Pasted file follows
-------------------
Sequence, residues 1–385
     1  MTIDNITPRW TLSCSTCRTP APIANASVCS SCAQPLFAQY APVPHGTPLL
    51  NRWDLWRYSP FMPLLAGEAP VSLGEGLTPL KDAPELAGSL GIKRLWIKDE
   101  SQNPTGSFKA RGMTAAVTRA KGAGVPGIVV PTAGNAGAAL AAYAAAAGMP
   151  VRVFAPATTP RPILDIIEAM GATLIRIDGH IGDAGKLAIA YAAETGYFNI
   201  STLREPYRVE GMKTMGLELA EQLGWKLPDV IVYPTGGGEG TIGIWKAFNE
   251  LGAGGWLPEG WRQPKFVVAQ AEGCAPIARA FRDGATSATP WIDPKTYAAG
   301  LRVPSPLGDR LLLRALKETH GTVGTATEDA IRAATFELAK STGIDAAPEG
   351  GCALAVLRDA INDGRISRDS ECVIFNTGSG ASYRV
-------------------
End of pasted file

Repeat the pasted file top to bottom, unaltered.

Sequence, residues 1–385
     1  MTIDNITPRW TLSCSTCRTP APIANASVCS SCAQPLFAQY APVPHGTPLL
    51  NRWDLWRYSP FMPLLAGEAP VSLGEGLTPL KDAPELAGSL GIKRLWIKDE
   101  SQNPTGSFKA RGMTAAVTRA KGAGVPGIVV PTAGNAGAAL AAYAAAAGMP
   151  VRVFAPATTP RPILDIIEAM GATLIRIDGH IGDAGKLAIA YAAETGYFNI
   201  STLREPYRVE GMKTMGLELA EQLGWKLPDV IVYPTGGGEG TIGIWKAFNE
   251  LGAGGWLPEG WRQPKFVVAQ AEGCAPIARA FRDGATSATP WIDPKTYAAG
   301  LRVPSPLGDR LLLRALKETH GTVGTATEDA IRAATFELAK STGIDAAPEG
   351  GCALAVLRDA INDGRISRDS ECVIFNTGSG ASYRV